“Because of the MMRF, science is a step ahead of her keeping the disease in check,” says Rosengarden of his wife’s current condition. Andrea is currently undergoing a promising new antibody therapy and is again in remission.
Tom Mihelcic considers himself one of the lucky ones, also crediting the work of the MMRF in developing some of the top cancer-fighting treatments available at the time of his diagnosis.
“I got multiple myeloma at a time that the MMRF had pushed and received approval of Velcade,” says Mihelcic. “If or when I go out of remission, thanks to the MMRF, I have multiple therapy options and genome studies to guide me in the right direction.”
After receiving 28 infusions in 2008, Mihelcic received a stem cell transplant of his own stem cells. Now 62, Mihelcic says that while he does live with some side effects of those treatments (including neuropathy in both his feet and hands), he has been in remission for the past eight years.
For Andrea Rosengarden’s family, finding a cure for multiple myeloma became a family mission. Michael Rosengarden, CEO of Autohaus on Edens Mercedes Benz, is no stranger to philanthropic causes, supporting a wide variety of nonprofit organizations over the years, but this time giving back was personal.
“It was important for all of us to get involved, because it’s for Andrea,” says Rosengarden. “We can look at Andrea and the only reason she is here is because of MMRF, so we see where the money is going.”
Rosengarden and his three adult children (Alyssa, Scott and Stephanie) have all become active participants in the search for a cure by getting involved in numerous events supporting the MMRF over the years, including the annual Chicago 5K Walk/Run program. In 2011, they started their own team, dubbed “Andy’s Angels,” and with the support of countless friends and family members, have raised nearly $200,000 for the cause.
“We see ourselves just doing what we are supposed to do,” say Andrea and Michael Rosengarden. “Life has been good enough to us to make it possible to help others battling this cancer.”
In fact, the MMRF has chosen to honor the Rosengarden family with the Spirit of Hope Award at their upcoming annual Chicago Awards Dinner on May 16.
“The Rosengardens, Chicago locals and longtime MMRF supporters, epitomize the true meaning of family, consistently demonstrating their devotion to one another, unwavering strength and commitment to finding a cure, “ says English.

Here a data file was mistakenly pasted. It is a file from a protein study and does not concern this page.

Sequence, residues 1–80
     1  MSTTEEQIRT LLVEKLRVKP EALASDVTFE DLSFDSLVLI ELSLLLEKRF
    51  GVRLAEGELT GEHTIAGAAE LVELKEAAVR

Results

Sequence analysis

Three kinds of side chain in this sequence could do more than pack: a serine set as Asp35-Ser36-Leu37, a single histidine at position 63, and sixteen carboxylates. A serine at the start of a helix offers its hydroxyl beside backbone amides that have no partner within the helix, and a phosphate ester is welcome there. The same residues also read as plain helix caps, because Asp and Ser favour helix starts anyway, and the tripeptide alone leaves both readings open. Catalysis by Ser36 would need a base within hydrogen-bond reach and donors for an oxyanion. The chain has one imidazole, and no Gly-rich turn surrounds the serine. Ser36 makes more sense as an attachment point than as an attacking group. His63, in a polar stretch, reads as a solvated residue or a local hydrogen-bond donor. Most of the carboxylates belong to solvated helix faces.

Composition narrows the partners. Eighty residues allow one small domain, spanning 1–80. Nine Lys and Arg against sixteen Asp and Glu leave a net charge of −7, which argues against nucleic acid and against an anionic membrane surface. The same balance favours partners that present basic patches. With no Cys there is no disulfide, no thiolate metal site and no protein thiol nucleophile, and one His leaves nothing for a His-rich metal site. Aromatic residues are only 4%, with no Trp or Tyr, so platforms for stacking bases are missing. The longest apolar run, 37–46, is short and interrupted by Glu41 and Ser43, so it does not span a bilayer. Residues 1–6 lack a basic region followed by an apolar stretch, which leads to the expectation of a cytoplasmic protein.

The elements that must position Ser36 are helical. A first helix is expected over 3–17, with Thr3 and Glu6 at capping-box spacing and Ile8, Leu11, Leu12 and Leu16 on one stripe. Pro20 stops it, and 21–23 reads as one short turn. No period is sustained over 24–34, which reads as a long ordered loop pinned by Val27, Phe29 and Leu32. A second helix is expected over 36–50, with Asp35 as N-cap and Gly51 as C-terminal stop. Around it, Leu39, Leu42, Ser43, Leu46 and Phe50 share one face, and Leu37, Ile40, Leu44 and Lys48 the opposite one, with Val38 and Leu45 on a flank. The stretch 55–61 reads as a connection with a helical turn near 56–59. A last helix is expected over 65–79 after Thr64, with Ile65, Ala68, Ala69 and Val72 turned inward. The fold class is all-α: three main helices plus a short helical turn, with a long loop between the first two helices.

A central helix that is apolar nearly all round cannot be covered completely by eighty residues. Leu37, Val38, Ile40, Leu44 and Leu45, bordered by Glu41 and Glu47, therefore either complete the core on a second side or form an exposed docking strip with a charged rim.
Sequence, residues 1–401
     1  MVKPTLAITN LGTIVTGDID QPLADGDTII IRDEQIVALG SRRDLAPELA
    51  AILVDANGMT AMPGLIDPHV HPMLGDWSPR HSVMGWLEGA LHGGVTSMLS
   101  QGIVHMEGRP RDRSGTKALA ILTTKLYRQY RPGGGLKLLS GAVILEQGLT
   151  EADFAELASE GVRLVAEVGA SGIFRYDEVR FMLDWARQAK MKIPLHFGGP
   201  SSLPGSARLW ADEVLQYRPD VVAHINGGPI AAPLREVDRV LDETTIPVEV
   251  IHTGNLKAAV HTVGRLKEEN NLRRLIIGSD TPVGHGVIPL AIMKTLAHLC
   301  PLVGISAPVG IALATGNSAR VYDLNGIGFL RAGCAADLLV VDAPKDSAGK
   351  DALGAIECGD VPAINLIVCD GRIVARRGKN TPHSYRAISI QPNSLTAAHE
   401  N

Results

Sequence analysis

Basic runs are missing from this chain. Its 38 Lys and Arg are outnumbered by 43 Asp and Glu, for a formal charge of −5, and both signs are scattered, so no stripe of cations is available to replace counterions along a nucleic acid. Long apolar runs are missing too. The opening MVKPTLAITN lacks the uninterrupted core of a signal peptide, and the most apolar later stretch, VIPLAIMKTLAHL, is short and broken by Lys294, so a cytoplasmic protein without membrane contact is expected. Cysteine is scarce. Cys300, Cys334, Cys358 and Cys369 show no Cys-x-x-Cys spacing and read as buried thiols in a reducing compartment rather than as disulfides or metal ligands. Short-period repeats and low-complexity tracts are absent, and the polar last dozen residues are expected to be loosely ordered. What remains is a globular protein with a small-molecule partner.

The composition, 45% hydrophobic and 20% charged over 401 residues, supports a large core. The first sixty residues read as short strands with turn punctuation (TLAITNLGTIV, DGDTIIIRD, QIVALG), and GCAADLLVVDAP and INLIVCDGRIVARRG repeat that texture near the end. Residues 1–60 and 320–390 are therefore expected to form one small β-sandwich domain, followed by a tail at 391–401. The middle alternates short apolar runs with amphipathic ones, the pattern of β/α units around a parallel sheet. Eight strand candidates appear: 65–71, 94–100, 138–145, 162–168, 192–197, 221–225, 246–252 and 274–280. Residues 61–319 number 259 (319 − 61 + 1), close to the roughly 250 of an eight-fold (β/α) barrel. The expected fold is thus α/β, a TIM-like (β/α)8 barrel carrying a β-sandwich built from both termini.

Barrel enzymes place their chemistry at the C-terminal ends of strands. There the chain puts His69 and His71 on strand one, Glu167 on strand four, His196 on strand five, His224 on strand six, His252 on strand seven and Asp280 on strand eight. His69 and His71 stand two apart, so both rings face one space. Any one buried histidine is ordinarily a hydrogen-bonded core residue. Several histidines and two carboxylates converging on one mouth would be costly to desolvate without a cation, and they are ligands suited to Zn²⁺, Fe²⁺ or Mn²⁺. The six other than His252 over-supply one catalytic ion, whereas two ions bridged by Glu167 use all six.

This year’s Chicago Awards Dinner is particularly special for the MMRF as the organization celebrates its 15th anniversary. The event will again be held at the Four Seasons Hotel, and choosing Chicago every year as the location for one of the organization’s largest fundraising events has not been by chance. It was the place MMRF founder Kathy Giusti was living at the time of her diagnosis by doctors at Northwestern Memorial Hospital.
“The Chicago community has embraced our mission, work and event for 15 years and we are so grateful for the support and love we have there,” says Anne Quinn Young, vice president, development and strategic partnerships for MMRF.
An impressive group of both local and national spokespersons will take the stage at the event, including boxing legend, entrepreneur and author Sugar Ray Leonard, who will serve as keynote speaker. For Leonard too, the fight to find a cure for multiple myeloma is a personal one. His father is currently living with the disease.
“This is extremely special and we are privileged to have such an influential and philanthropic individual joining us in our mission to accelerate cures and save lives,” says English.
Chicago Cubs players Jon Lester and Anthony Rizzo (both cancer survivors and advocates) will deliver opening remarks at the event, and for the 12th year, actress and longtime MMRF supporter and honorary board member Bonnie Hunt will serve as mistress of ceremonies. More than 600 guests, including corporate leaders and philanthropists, are expected to attend the fundraising event.
For information on the MMRF Awards Dinner May 16 and other upcoming events, to make a donation, or to learn more about this organization, please go to MMRF’s website.
When: Monday, May 16, 2016
Where: Four Seasons Hotel, 120 E. Delaware Place, Chicago
Time: 6 p.m. Cocktail Reception/7 p.m. Dinner
Dress: Business Attire
When: September 18, 2016
Where: Montrose Harbor, Chicago
Start Time: 9 a.m.
Contact: firstname.lastname@example.org or 203-652-0208